The biggest lie ever told is that avocado toast is keeping you from buying a house. It’s not. It’s keeping you well nourished and for that, you should be grateful, not guilty.
The idea that you have to suck all the joy out of your life in order to get rich is fundamentally flawed. Yes, saving money is an unequivocally good idea. Investing money is an even better idea. People often complain that good habits are hard to start. Investing, however, is not one of them.
You may not have the stomach for financial risk. That’s fine, you don’t need one. If you invest your money consistently and conservatively, it’s perfectly reasonable to expect a substantial return over time. It just takes patience, willingness, and basic know-how. The market has delivered, on average, a 9.5% return annually since 1928. If you plop your money in an index fund that mimics the market, you’re practically guaranteed a plump return — especially if you hold tight through day-to-day or month-to-month market fluctuations.
Beyond the fact that investing is an extremely effective way to grow your money, it’s especially important since women don’t earn as much as men. (More specifically, we’re paid about 20% less than our male counterparts.) Given the current economic conditions and the anemic salary growth over the last decade or so, it’s necessary for women to invest because they can’t expect their employers to help them along the way.
The broader point, though, is that women can only be free and fully independent when we are financially able to take care of ourselves.
“Investing is one of the most important things you can do for yourself. It can build your wealth . . . not by a little, but by enough to make a real difference in your life,” says Sallie Krawcheck, chief executive and co-founder of Ellevest, an investment platform for women. “If we’re not investing, we’re doing most of the hard work around money (you know, going to work every day, turning in that amazing design, landing the difficult-to-close client, beating our sale projections) . . . but we’re only getting about half the reward.
Ready to invest? Ellevest has no minimum so you can start investing with as little, or as much as you like.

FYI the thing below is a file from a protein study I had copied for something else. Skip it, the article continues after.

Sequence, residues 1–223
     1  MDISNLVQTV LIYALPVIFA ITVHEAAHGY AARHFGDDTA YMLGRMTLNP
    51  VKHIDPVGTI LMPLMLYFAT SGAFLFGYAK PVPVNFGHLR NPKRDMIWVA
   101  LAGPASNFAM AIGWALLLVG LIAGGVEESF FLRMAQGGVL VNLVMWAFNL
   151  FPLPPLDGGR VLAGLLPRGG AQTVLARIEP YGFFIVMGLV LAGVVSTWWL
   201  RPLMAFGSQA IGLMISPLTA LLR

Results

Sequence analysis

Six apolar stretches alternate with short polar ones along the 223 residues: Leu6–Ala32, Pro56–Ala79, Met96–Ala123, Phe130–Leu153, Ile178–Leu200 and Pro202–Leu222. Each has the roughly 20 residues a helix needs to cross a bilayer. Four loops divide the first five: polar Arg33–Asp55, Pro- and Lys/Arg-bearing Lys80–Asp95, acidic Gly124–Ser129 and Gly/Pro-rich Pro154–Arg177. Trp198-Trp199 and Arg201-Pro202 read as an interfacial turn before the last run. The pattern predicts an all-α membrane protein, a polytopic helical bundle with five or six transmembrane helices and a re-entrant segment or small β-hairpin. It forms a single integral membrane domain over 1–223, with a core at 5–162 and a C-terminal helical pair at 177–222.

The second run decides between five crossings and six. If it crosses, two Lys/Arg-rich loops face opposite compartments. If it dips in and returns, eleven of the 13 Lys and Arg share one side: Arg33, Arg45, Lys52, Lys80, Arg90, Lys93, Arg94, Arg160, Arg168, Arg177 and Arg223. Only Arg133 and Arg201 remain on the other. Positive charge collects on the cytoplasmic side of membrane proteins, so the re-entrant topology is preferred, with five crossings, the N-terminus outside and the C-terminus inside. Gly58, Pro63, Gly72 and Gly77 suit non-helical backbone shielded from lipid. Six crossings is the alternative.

When we avoid taking the time to invest our money, we’re foregoing thousands of dollars — possibly even millions of dollars —over a lifetime due to passivity.
There are three essential things to know about investing. Sallie Krawcheck and Ellevest take you through each and give “real world” examples.
Step One: Dream Big
Set goals for yourself. Every journey starts with a destination. If you don’t know how much money you need to save, you’ll never know how to get there. You don’t need to wait until you have a giant sack of money to invest, either. You can start with as little as $20 — anything is better than nothing. Ellevest, an online investment advisor for women, for example, doesn’t require any minimum to open an account.
If you’re not where you should aim, you can get a complimentary financial plan from Ellevest — it takes less than 10 minutes. Plug in a few basic stats about your self and Ellevest will generate a customized investment plan that you can act on immediately or set aside until you’re ready. What if you don’t have much to invest, should you still bother? Short answer: Yes. Long answer: Hell yes! Wherever you are with saving, get started by getting your complimentary financial plan from Ellevest today — you literally have nothing to lose.
Wondering how much to invest? Krawcheck advises you invest a flat percentage of your paycheck. She also suggests 50% of your income should be allotted to your needs; 30% to fun; and 20% to future you. More on how to divvy up your paycheck for financial success.
Step Two: Turn On Cruise Control
After you figure out what you need to do to achieve your goals, figure out how to automate it. It’s not easy to create new, healthy habits. If you don’t think about it constantly, though, it doesn’t have to be difficult.
You can set up a recurring contribution on Ellevest and change it at any time. There’s no commitment. That said, you can also automate your investments on a handful of other sites (possibly even through your bank). Before you take any plunge, though, make sure the fees are low and that they’re inline with the size of your assets. There’s no sense in paying a $25 annual fee for an investment account that only includes $150.
By and large, financial advisors charge fees of about 1% to 2% of your assets. In the case of Ellevest, however, the fees are just 0.5%. (Ellevest can charge low fees because it uses a lot of low-cost exchange-traded funds.)
Step Three: Don’t Pick At It
If your money isn’t growing as fast as you like, it’s fine to play with it, depending upon the market, but investing works best when it’s done over decades — not months — and when you don’t micromanage it. Most studies show that financial advisors and actively-managed mutual funds rarely beat the market — a smart, hands-off approach is often more profitable.
Also, make sure your money is properly diversified. If you’re not sure how to do that, there are plenty of algorithm-based tools that can help you sort it out. Remember that as best as you can, keep this money out of sight and out of mind.